The letter made public today comes days after CalMatters detailed how the state’s exclusive unemployment payment contract with the bank has been strained by unprecedented demand and brazen fraud during the pandemic, ensnaring more than 350,000 unemployment debit cards in mass account freezes.
Also under fire for its role in long payment delays is the California Employment Development Department (EDD), which first signed the contract with Bank of America in 2010 and earlier this year amassed a backlog of 1.6 million unpaid jobless claims amid mounting concern about rooting out fraud.
“Constituents report they are unable to get through to your call centers, or when they do, the issue is not resolved,” states the letter, which was signed by more than three dozen state senators and assembly members. “It is simply unacceptable that Californians entitled to benefits are suddenly not able to obtain them due to a Bank of America determination that is impossible to appeal.”
Among the questions the lawmakers want Moynihan to answer: Bank of America’s criteria for freezing accounts and seizing jobless benefits, who’s on the hook for paying back fraudulent charges, and how their constituents can resolve outstanding debit card claims. Below is a copy of the letter from lawmakers.
Dear Mr. Moynihan:
Every legislative office in our state has experienced an unprecedented number of constituents contacting them requesting assistance to resolve issues with the California Employment Development Department (EDD), as well as with their Bank of America debit cards. We commend our California EDD and the Bank of America employees for their hard work over the last eight months, creating better systems to get funds to constituents as quickly as possible.
Today, we write with a new and significant concern about frozen Bank of America debit cards.
Most beneficiaries receive their weekly Unemployment Insurance (UI) or Pandemic Unemployment Assistance (PUA) funds on a debit card issued and managed by Bank of America
under contract with CA EDD. Over the last six weeks, reportedly due to significant fraud, hundreds of thousands of UI, PUA and State Disability Insurance (SDI) recipients have had funds taken from their cards or their cards frozen, leaving them unable to access their benefits. EDD reports to legislative staff that Bank of America has a proprietary formula to detect fraud and has taken it upon themselves to freeze cards and take money from recipients. The only recourse that EDD and our offices can currently provide constituents is to call Bank of America when these problems occur.
However, constituents report they are unable to get through to your call centers, or when they do, the issue is not resolved. Many of our own staff have also tried to reach Bank of America to no avail. It is simply unacceptable that Californians entitled to benefits are suddenly not able to obtain them due to a Bank of America determination that is impossible to appeal.
The press reports at least 350,000 Californians are currently unable to access UI, PUA and SDI benefits owed to them. That said, EDD is unsure of the exact number, as they state they only receive data from Bank of America after cards are frozen.
EDD also informs us that less than 8 percent of debit card cases have been resolved.
With this in mind, we are writing to ask that you provide us specific answers to the following questions:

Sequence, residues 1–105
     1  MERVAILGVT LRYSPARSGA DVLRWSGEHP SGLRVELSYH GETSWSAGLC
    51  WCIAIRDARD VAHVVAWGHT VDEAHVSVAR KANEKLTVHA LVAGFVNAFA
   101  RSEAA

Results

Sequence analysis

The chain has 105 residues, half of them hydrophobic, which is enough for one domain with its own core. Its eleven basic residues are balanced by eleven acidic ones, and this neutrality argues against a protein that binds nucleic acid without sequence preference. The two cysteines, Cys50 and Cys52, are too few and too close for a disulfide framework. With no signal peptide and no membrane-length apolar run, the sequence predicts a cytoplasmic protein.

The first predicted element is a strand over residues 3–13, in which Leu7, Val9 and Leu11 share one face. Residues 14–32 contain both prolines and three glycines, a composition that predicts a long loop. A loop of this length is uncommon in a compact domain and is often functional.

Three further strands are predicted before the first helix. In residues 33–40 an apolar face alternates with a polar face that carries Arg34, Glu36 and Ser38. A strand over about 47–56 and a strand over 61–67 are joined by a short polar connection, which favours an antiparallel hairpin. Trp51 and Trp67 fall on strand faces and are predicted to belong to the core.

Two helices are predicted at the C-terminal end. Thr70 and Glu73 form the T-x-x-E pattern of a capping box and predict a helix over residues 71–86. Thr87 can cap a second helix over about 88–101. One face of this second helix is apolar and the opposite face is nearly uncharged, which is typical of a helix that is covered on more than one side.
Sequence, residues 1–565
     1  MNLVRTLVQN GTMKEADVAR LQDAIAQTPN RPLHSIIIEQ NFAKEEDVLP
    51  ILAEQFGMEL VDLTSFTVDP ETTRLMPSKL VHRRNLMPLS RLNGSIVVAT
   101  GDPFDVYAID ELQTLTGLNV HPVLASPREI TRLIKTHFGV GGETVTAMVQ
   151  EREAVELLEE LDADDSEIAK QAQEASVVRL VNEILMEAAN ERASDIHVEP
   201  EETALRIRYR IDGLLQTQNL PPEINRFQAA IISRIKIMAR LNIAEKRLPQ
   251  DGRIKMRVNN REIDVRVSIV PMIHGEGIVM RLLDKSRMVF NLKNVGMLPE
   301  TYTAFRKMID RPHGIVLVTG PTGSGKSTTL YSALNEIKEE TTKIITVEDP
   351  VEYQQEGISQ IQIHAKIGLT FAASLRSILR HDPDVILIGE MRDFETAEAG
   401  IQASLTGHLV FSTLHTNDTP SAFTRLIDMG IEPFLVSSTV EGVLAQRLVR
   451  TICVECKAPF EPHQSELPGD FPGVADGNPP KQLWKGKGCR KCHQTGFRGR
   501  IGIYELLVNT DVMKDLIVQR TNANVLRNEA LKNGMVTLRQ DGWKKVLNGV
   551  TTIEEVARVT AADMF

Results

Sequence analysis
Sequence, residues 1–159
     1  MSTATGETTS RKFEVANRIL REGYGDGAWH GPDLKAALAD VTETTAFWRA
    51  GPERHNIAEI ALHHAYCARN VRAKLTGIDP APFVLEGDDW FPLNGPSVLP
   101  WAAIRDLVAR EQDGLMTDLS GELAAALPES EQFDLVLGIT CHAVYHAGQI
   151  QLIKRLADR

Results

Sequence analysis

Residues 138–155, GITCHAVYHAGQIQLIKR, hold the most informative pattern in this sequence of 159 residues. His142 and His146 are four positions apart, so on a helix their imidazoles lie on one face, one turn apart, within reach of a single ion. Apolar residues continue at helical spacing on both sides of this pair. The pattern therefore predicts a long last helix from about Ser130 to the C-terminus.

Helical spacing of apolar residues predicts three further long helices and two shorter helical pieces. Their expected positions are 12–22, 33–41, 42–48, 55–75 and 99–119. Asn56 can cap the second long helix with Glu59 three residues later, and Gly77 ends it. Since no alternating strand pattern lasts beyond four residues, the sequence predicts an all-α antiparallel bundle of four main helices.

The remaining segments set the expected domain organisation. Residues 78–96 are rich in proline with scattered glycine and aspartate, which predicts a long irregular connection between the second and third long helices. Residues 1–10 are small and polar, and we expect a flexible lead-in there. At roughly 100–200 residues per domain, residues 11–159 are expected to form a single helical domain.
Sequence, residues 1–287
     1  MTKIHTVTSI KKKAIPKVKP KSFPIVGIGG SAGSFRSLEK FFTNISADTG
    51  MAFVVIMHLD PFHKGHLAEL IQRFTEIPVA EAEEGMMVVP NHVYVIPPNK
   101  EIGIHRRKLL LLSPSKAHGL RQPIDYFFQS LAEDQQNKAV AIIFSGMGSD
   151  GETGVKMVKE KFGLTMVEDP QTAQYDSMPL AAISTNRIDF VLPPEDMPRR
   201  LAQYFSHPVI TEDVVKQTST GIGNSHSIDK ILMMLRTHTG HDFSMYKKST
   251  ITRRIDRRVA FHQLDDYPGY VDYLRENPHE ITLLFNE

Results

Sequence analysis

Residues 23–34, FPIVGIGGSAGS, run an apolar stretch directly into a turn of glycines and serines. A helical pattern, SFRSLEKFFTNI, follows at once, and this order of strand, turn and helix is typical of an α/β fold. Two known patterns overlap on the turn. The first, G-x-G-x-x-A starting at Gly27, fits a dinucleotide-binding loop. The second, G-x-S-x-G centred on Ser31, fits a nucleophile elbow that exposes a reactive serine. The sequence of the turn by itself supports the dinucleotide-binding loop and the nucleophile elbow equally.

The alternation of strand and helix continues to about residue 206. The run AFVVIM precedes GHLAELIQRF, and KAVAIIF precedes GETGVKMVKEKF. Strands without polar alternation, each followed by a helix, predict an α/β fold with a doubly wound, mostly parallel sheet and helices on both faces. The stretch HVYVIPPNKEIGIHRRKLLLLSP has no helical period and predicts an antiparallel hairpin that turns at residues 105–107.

- Why is Bank of America taking funds and freezing cards?
- What criteria is Bank of America using?
- When California EDD clears fraud or verifies identity on their end, why is Bank of America not immediately unfreezing the cards that California EDD asks Bank of America to unfreeze?
- Our offices have many cases in which Bank of America states that EDD froze the card. Our staff call EDD, who claims the problem is entirely on Bank of America’s end. What is the solution to this problem?
- What needs to happen for a constituent to have their card reactivated and funds restored?
- Will you significantly increase staff tasked with reactivating cards and restoring funds to resolve these issues by December 1, 2020?
- Has Bank of America had to pay any penalties due to fraud or failure to respond to alleged fraud within a certain timeframe related to California UI or PUA claims?
- If so, to whom and for what?
- Can Bank of America proactively contact consumers when their card is deactivated, or funds will be taken so they are not forced to discover this when they use the card?
- What can Bank of America do to stop the automatic freezing of multiple cards at one address without first checking with EDD to see if they may be legitimate?
- Who pays for fraudulent charges when it is not the consumer’s fault?
- Bank of America or another entity?
- Are there time limits under federal law by when Bank of America must unfreeze a debit card in a suspected fraud case? If so, what are they? Are there exceptions?
- Will you please provide an explanation to Governor Gavin Newsom and the California Legislature as to how to unfreeze valid cards in a timely manner and prevent this problem from happening again by December 1, 2020?
We appreciate in advance your timely attention to addressing these problems and responding to
Philip Y. Ting
Scott D. Weiner
Anna M. Caballero
Maria Elena Durazo
Henry I. Stern
Thomas J. Umberg
Patricia C. Bates
Cecilia M. Aguiar-Curry
Susan Talamantes Eggman
Timothy S. Grayson
Devin J. Mathis
Rudy Salas Jr.
Chris R. Holden
Ian C. Calderon
Mike A. Gipson
Steven S. Choi
Shirley N. Weber
Lauren Hepler covers the California economy for CalMatters, a nonprofit and nonpartisan media venture.